Despite all she had accomplished, there was one last mission: Liz Troy created and implemented the after-school Homework Help Program for struggling students. She and her volunteers donated their time and talents to assist students with their daily homework assignments. The strategies she shared helped students for many years.
Liz received many letters of thanks from those she helped, but perhaps the most poignant was from a child who had returned to her native Poland after being a student at Holy Cross. In June 1989 she wrote (complete with her spellings):
“Dear Mrs. Troy,
I’m feeling so sorry, that I can’t bring Holy Cross School with all the teachers and students to Poland. I had have here, in the U.S. a wonderfoul year, and often I will come back in my memory to that time. I will miss you correcting my -ings, -ds, -eds, and muols. I will miss you saying the phrase “W-e s-p-e-e-k-i-n-g s—l—o—w—l—y.” I will often think of you, especially when my mother will make me resay things slower (this unfortunately happens too often). I am so, so, so… gratefoul to you for all the things that you have done for me, especially the patience that you had in traying to understand and correct my fast and broken English. I wish you would know hew much it helped me. I wish you a wonderfoul and joyfool life, and if by miracle you will come to be in Poland don’t forget to visit me. Love, Ewa”
In 1991, the Rock Creek Council Knights of Columbus saluted Liz Troy along with other outstanding teachers of the year. She was a truly remarkable woman.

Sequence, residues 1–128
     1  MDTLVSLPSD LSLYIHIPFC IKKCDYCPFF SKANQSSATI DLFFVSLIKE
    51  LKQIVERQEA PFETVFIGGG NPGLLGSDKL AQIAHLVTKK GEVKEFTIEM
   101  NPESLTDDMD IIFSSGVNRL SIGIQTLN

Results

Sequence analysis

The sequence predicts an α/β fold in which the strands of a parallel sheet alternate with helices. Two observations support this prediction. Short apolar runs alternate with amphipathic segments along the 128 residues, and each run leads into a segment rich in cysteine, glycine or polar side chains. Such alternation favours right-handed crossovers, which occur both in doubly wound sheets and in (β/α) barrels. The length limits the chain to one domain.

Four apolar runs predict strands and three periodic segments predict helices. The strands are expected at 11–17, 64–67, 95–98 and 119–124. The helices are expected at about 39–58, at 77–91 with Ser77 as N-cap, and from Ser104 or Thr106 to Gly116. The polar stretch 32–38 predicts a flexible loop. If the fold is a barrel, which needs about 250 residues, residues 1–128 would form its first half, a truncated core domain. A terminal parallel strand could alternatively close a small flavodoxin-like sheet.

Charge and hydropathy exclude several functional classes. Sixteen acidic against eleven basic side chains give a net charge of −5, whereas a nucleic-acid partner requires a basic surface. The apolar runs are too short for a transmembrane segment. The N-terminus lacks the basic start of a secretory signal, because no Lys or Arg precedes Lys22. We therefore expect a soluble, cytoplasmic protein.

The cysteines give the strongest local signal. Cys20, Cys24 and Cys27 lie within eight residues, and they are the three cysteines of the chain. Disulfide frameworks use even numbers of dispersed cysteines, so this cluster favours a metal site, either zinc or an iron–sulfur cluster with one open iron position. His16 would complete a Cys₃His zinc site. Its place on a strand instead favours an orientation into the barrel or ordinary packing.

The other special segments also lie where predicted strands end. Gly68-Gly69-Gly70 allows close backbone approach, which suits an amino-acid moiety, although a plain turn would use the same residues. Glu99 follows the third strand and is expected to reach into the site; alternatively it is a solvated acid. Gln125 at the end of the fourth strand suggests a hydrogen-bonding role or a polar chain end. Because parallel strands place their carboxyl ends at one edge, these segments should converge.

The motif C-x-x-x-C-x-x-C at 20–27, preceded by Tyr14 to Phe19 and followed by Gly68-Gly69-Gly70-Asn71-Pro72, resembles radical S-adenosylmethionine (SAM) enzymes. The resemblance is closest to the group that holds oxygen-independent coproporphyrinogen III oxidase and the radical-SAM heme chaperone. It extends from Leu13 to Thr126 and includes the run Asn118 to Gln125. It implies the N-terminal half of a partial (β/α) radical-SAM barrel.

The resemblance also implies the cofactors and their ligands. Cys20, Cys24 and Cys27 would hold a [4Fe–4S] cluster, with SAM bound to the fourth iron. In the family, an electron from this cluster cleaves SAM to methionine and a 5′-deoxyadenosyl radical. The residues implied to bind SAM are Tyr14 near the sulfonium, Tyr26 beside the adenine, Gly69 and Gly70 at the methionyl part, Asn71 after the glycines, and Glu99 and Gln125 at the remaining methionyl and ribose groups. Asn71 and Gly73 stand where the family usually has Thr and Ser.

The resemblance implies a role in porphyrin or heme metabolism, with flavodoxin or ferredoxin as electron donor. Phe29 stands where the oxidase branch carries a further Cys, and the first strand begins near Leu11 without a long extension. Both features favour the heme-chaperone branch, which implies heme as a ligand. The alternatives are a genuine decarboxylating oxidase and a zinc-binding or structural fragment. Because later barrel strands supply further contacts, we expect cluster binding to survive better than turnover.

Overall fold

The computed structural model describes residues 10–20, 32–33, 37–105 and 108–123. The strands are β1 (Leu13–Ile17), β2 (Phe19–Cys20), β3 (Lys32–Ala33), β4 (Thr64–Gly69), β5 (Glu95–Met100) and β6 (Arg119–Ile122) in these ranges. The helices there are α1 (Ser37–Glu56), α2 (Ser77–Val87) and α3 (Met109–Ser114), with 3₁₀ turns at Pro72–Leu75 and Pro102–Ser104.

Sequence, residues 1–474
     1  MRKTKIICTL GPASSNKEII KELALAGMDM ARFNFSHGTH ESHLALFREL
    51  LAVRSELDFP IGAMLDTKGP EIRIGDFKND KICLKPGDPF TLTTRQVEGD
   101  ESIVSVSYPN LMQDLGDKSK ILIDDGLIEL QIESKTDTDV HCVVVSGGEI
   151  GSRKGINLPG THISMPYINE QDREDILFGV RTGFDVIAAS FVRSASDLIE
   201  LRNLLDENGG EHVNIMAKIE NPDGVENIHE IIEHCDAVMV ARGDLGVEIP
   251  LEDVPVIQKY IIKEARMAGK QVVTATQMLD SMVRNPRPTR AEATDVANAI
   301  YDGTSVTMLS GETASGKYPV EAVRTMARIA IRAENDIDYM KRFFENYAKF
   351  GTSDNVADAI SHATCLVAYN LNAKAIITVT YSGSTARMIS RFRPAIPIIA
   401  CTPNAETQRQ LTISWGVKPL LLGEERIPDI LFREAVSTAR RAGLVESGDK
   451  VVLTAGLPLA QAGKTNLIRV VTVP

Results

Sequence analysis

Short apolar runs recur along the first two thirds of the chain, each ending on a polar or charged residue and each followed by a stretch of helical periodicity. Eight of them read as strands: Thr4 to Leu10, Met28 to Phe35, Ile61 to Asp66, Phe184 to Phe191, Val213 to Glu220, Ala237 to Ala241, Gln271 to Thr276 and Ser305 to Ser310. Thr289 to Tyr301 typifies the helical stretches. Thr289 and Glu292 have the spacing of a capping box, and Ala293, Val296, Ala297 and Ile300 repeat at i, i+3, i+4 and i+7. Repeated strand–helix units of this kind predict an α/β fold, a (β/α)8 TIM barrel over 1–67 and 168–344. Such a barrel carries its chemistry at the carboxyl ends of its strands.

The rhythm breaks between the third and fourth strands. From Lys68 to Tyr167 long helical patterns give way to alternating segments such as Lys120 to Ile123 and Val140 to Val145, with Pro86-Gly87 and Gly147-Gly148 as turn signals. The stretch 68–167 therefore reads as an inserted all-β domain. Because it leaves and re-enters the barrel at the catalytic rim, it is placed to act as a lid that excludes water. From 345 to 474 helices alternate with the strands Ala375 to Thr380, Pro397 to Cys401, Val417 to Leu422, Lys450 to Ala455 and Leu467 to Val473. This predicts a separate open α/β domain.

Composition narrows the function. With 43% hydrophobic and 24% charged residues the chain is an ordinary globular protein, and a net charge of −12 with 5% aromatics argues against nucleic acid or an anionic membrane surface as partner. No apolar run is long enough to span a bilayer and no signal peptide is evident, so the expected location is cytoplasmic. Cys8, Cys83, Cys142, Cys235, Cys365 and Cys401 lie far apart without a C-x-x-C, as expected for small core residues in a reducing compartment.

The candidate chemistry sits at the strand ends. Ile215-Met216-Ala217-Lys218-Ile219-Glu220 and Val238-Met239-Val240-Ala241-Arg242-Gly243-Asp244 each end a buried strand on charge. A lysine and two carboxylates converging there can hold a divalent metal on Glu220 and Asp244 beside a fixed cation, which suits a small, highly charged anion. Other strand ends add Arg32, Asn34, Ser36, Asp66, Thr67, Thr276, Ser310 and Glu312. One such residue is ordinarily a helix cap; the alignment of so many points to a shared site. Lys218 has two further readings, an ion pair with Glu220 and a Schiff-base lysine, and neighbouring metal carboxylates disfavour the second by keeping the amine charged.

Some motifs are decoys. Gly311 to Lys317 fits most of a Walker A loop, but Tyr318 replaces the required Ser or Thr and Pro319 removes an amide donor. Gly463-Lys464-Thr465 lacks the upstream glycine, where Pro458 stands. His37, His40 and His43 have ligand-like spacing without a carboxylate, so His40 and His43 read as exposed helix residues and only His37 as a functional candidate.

From the late 1960s onward, middle school students have presented science projects for judging. Participation in the science fair was required for all students — an early STEM effort. There are no records available of the early school years’ achievements; however, the winning projects in elementary school were, and continue to be, entered into competition with other Montgomery
County elementary schools.
The school science fair has been held every year, and it is worth noting that in 2021 Holy Cross continued its tradition of excellence at the “Science Montgomery Fair” with students earning top awards and prizes.
The Spring Musicals were a special event for 7
graders. Once a show was selected, the narration and score were procured from whatever publishing company had rights to that show. In addition to a director, there needed to be somebody to teach dancing and singing, and someone to take charge of costumes.
Some of the musicals put on by the school in the 1970s and 1980s were: “Mary Poppins”, “Happy Birthday America 1776 (200 Years of Dance and Song)” directed by school mother Ann Jones who had appeared in Oklahoma on Broadway, “An Evening with the Music Man”, “Oliver”, “Bye Bye Birdie”, “Little Mary Sunshine”, "A Broadway
Review” directed by former student Katie Troy, among others. What wonderful memories. Being part of the musical brought together the shy and the not-so-shy in a joint effort to entertain fellow students, parents, and friends. Parents were crucial to their success because they directed the building of the sets; borrowed, designed, and made the costumes; plus, they assured their child that they could get up and sing, speak, and dance in front of an audience.
In the 1970s the school was blessed to have parents Pat Abernethy (deceased) and Betty McCormick (deceased) who performed in community theater and Bunny Fegan (deceased) who was the perfect producer. These women were also part of the Holy Cross Players, a
community theater group which you can read more about in the December newsletter issue. Together they set an excellent example for the children. A mother would volunteer to be the main costumer and either give direction of what to wear or made costumes. The parish had some talented musicians, and they volunteered their time to accompany the singing and dancing. A mainstay was Mr. Martin Reilly,